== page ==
generating a first logical value from a comparison between the first and the second products;
calculating a third product from a third integer and the first value and calculating a fourth product from a fourth integer and the second value, with the third integer smaller than the fourth integer;
generating a second logical value from a comparison between the third and the fourth products; and,
generating a detector output signal from a difference between the first logical value and the second logical value.
BRIEF DESCRIPTION OF THE DRAWINGS
A method of the invention allows tracking a signal using the first and second values of the energy without necessarily determining a metric involving a ratio of these two values that may be complicated to calculate and costly in terms of hardware. Such a method of tracking the signal does not require normalization of the first and second values of the energy of the signal. An advantage of one or more embodiments of the invention is to provide simple and efficient tracking.
The invention is explained in further detail, by way of example, and with reference to the accompanying drawing wherein:
FIG. 1 is a conventional communication system;
FIG. 2 is a block diagram of a conventional receiver;
FIG. 3 is a block diagram of a conventional receiver;
FIG. 4 is a rake finger of a receiver of the invention;
FIG. 5 is a delay detector of the invention; and,
FIG. 6 is a diagram of the energy of a multipath component.
Elements within the drawing having similar or corresponding features are identified by like reference numerals.
FIG. 1 is a communication system 100 of the invention comprising a first transceiver 200 communicating with at least a second transceiver 300. The transceiver 200 may be a base station and the transceiver 300 may be a mobile station such as a handset or a cell phone in a CDMA cellular communication system. The transceivers 200 and 300 comprise respective transmitters T200, T300 for transmitting information signals and comprise respective receivers R200, R300 for receiving information signals. The transmitter T200 transmits via an antenna 210 an information signal S spread by correlation with a pseudo-random noise code sequence. The signal S was also previously modulated by correlation with a carrier signal of carrier frequency fc. The spread signal S is received by an antenna 310 of the transceiver 300.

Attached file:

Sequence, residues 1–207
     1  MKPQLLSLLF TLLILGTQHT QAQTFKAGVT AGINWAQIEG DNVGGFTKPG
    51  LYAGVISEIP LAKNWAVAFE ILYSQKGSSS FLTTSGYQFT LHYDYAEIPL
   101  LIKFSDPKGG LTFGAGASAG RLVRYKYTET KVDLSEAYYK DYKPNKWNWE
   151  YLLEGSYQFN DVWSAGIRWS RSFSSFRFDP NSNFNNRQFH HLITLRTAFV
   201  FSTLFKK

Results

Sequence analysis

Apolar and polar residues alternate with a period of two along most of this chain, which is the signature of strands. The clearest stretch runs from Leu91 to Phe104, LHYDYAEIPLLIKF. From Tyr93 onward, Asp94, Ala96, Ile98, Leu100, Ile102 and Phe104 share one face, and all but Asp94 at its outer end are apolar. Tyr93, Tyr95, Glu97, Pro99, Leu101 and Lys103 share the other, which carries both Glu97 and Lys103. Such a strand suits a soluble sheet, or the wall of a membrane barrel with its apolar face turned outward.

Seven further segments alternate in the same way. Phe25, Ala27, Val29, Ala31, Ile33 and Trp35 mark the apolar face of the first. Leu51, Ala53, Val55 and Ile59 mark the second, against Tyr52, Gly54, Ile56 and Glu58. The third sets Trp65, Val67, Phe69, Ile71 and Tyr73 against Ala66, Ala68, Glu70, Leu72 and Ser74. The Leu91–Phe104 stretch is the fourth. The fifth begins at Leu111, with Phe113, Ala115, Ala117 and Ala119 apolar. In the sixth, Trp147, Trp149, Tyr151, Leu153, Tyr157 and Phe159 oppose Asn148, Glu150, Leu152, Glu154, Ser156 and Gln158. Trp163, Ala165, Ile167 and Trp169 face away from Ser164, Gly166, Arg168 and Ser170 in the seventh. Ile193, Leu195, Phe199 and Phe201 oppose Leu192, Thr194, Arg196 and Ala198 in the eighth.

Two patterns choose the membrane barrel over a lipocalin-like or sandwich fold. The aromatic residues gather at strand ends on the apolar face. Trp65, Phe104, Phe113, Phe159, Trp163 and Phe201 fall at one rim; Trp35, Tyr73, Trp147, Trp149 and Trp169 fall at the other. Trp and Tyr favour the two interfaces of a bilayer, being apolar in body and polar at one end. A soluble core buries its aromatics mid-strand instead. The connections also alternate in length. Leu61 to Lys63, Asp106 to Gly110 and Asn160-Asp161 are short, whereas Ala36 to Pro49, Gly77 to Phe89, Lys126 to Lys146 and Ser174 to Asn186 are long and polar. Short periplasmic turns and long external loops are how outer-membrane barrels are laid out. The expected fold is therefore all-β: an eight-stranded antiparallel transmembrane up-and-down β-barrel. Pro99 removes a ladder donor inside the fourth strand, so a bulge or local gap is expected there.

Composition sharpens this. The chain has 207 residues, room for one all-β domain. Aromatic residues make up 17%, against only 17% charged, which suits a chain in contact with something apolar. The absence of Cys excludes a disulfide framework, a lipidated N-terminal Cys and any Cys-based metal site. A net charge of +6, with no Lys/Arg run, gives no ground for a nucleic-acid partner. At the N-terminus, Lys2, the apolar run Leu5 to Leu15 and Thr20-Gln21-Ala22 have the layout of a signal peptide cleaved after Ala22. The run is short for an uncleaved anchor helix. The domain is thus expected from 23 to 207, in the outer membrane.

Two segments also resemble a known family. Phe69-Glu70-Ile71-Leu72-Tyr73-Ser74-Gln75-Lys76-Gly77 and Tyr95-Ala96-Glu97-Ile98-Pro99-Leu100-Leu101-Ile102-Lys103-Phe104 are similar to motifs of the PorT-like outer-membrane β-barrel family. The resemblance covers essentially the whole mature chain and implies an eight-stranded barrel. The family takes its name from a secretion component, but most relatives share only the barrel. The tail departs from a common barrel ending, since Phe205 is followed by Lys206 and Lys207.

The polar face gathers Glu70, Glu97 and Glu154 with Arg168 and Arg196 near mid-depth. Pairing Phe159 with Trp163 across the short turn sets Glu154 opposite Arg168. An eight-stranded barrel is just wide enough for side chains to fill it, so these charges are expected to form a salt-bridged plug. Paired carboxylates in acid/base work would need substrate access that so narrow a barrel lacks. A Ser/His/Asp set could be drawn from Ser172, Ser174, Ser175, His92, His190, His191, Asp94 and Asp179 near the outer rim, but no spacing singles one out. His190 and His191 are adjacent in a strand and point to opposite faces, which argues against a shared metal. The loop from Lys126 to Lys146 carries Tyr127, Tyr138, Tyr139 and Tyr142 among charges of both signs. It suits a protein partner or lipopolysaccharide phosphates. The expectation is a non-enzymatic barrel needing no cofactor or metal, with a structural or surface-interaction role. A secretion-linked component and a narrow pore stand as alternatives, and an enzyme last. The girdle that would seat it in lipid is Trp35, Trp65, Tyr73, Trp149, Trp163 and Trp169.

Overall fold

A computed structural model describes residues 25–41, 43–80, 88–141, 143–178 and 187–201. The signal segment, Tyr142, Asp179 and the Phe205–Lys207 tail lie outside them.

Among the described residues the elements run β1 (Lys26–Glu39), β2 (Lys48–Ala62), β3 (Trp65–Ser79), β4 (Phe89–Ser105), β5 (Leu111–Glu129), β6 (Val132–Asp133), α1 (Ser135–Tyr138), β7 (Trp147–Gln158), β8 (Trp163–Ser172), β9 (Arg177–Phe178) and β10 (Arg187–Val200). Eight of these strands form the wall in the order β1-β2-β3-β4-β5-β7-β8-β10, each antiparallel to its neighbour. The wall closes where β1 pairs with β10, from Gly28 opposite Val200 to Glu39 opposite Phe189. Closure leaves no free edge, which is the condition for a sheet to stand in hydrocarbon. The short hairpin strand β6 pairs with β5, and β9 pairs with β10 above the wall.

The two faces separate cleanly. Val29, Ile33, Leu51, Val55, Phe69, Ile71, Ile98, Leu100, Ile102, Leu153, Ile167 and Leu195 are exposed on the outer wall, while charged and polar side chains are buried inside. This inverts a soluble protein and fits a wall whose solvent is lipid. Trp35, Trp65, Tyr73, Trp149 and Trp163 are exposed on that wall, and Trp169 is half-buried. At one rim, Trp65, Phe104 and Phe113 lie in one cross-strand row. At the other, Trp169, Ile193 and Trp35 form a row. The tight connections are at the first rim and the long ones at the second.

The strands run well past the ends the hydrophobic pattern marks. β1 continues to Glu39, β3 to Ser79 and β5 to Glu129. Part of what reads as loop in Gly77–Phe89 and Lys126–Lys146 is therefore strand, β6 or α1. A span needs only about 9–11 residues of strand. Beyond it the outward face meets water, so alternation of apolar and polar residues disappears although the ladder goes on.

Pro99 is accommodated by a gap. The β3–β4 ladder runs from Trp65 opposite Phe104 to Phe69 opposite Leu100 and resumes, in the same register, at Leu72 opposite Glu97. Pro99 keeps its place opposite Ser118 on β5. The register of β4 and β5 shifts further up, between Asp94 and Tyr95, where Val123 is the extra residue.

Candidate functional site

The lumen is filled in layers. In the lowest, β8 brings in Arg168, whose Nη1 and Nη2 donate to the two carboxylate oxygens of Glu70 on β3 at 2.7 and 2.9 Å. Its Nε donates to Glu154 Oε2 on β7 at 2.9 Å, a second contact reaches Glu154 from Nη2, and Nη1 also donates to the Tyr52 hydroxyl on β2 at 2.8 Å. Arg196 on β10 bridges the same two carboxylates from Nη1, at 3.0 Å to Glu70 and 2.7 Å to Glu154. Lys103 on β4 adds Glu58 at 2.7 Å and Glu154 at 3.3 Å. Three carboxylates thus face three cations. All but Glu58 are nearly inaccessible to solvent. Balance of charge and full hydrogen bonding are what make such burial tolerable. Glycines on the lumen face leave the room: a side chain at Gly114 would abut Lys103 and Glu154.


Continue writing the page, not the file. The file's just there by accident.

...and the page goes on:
While transmitted from the transmitter T200 to the receiver R300, the signal S encounters multipath. In this embodiment, the signal S is reflected and scattered off a mountain 110 and a building 120. The spread signal S is the superposition of at least two multipath signals S1 and S2. The multipath signals S1 and S2 have different transmission paths and different transmission delays. The path attenuation and phase shift to which the signals S1 and S2 are subjected are assumed to be random-like and mutually independent. As a result the signal S can be thought as the superposition of a number of randomly attenuated and phase rotated signals containing among others the signals S1 and S2.
FIG.2 is a conventional block diagram of the receiver R300. The signal S transmitted from the base station 200 is received by the antenna 310 and inputted to a demodulation circuit 305 of the receiver R300. The signal S is passed through a RF receiver 320 and thereafter processed by a divider 330 for division into two radio signals I1 and Q1. The radio signal I1 is mixed in a mixer 340 with the oscillator output fc of an oscillator 360 resulting in an in-phase demodulated base-band signal I2. The radio signal Q1 is mixed in a mixer 350 with the oscillator output fc shifted to π/2 in a phase shifter 370 resulting in a quadrature demodulated base-band signal Q2. The base-band signals I2 and Q2 are then respectively passed through low pass filters 380 and 390 for providing channel selectivity. Both filtered signals I and Q are then provided to a rake receiver 400 for multi-path components resolving and diversity combining into a signal R.
FIG.3 is another block diagram of the receiver R300. The receiver R300 comprises the demodulation circuit 305 for extracting the in-phase and quadrature components I and Q further transmitted as a complex signal S* to the rake receiver 400. The rake receiver 400 comprises three rake fingers 410, 412, 414. Each finger 410-414 is assigned a multi-path component S1, S2 and S3, respectively, of the received signal S for acquisition and tracking. The rake receiver 400 also comprises a maximal ratio combiner 420 for combining the multi-path components S1-S3 resolved by the fingers 410-414 to provide diversity. The resulting signal is the signal R.
FIG.4 is a circuit block diagram representing one example of a structure of the rake finger 410-414 of the invention. Initially the rake finger 410-414 adopts an acquisition mode. Acquisition is performed in the acquisition unit 422 for synchronizing a replica of the code sequence, originally used to spread the information signal, with the multi-path component S1-S3 assigned to the finger 410-414. The replica of the code sequence is generated in a pseudo-noise generator 424.
Thereafter, in a tracking mode, the rake finger 410-414 414 maintains the generated code sequence aligned to the assigned multi-path component S1 -S3. The base-band signals I and Q are provided as the complex input signal S* to the rake finger 410-414. The signal S* is then branched in two branches for determining early and late components E and L representing respective early and late reception of the assigned signal component S1-S3 with respect to a presumed reception of the signal S1-S3 which is represented by a peak of the energy of the assigned signal S1-S3.